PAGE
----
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A vector is an entity that requires two features to be defined: magnitude and direction. Unlike scalar quantities that only require a magnitude to be completely defined, vectors need a direction in which they act in addition to the magnitude of the quantity that is acting in that direction.
Some examples of quantites that need vectors for them to be defined are displacement, velocity, acceleratio, force, etc. Quantities like distance, speed, etc. are scalar in nature.
As an example differentiating vectors and scalars consider two points A and B. The separation between the points is a scalar quantity called distance. The movement of an object from A to B or from B to A is represented by a vector quantity called displacement. Displacement has a magnitude that is equal to the distance between A and B. In addition displacement also has a direction that differentiates a movement from A to B from that of a movement from B to A.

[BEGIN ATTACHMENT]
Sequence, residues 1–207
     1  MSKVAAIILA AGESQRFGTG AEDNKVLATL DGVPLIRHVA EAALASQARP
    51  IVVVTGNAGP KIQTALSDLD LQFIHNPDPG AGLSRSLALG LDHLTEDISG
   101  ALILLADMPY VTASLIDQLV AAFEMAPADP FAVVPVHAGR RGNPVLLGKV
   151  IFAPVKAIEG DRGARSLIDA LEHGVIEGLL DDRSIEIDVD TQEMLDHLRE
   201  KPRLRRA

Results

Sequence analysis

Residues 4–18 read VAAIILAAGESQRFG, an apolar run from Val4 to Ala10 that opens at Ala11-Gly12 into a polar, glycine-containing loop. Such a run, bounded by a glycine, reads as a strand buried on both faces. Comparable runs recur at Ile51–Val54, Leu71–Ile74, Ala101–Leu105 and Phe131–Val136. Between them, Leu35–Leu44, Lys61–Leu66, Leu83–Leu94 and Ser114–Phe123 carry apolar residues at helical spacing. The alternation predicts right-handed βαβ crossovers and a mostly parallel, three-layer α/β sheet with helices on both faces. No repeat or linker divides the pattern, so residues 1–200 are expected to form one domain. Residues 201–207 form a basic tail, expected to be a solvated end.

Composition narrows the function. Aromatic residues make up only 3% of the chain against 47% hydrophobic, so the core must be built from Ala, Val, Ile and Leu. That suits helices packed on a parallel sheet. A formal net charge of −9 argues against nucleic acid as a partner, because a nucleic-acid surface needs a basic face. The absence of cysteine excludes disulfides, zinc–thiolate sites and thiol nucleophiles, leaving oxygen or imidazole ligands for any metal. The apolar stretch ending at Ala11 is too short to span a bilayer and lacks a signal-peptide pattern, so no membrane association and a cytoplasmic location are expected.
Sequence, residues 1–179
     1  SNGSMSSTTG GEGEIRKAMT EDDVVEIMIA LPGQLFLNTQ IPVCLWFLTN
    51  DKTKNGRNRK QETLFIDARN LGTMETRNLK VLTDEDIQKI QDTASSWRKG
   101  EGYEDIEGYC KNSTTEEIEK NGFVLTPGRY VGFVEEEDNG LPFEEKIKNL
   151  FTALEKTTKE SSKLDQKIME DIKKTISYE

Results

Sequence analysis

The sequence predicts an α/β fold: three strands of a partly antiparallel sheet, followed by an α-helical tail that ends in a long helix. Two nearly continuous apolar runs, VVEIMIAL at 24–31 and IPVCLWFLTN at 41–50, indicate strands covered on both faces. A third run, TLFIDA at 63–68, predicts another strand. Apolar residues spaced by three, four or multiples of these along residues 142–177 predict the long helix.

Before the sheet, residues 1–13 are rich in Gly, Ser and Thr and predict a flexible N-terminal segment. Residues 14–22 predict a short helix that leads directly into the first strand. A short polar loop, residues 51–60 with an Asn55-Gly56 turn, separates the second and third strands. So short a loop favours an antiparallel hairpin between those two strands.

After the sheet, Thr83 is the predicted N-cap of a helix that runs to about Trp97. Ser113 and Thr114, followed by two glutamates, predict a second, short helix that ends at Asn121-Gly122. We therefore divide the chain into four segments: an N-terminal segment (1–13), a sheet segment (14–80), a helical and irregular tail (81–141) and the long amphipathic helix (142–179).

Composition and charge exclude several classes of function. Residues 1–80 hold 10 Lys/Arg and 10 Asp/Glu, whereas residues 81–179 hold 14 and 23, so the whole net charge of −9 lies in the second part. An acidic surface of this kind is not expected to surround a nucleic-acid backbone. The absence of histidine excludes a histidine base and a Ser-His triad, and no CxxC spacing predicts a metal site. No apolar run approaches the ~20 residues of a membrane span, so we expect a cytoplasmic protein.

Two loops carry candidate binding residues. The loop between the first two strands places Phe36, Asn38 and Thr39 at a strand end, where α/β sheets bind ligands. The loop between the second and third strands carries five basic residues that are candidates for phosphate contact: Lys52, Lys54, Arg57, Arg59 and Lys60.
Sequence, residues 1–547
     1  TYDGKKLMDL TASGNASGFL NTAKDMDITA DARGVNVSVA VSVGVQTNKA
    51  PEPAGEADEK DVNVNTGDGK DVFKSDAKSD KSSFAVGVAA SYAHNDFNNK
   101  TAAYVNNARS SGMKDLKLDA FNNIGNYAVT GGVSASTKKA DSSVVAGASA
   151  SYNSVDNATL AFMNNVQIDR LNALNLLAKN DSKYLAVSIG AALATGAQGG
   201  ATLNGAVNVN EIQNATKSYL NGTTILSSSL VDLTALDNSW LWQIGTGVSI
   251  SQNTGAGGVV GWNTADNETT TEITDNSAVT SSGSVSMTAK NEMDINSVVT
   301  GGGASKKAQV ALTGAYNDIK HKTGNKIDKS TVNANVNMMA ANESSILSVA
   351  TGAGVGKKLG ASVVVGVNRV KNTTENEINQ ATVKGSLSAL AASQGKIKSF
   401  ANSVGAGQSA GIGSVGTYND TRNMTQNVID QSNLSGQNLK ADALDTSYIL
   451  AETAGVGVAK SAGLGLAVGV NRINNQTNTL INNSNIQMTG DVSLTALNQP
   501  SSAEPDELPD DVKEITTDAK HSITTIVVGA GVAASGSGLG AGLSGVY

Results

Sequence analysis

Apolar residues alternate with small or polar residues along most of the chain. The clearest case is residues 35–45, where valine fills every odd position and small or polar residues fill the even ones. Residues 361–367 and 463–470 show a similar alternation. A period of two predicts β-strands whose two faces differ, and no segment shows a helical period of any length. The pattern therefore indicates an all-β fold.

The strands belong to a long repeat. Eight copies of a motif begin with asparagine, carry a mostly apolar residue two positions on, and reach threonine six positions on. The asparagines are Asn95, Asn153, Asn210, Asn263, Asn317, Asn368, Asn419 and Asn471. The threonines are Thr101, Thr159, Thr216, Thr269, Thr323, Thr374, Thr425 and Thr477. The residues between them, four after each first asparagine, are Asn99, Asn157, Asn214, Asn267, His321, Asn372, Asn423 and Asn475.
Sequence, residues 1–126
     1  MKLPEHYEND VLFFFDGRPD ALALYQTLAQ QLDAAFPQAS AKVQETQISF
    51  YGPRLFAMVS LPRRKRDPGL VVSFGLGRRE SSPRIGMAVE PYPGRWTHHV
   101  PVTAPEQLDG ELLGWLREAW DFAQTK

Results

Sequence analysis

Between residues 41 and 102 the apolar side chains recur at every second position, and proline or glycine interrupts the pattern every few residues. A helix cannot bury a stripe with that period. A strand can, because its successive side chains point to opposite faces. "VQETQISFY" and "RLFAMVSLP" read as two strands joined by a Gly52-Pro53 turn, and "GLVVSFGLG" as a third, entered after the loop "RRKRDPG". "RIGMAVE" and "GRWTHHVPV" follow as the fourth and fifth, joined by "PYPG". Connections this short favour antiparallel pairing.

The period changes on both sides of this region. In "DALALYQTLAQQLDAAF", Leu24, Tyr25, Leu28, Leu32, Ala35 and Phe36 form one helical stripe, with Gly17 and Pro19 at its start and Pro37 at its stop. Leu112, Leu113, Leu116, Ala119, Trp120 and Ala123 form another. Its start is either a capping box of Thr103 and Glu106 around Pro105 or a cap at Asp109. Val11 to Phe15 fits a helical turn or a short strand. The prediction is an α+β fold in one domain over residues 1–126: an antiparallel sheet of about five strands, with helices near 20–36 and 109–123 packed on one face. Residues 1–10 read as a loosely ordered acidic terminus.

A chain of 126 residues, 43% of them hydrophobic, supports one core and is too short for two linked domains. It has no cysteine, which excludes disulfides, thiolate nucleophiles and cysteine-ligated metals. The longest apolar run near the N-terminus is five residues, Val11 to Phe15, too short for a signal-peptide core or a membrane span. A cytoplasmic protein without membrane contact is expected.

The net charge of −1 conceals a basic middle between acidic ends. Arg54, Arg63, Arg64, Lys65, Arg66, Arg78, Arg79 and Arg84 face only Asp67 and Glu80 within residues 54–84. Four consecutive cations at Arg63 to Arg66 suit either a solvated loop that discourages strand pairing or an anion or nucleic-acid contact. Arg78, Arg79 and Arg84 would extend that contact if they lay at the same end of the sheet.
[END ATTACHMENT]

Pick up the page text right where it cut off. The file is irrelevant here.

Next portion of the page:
`vec (AB) != vec (BA)` , instead `vec(AB) = -vec(BA)` .
quantity having a direction as well as a magnitude
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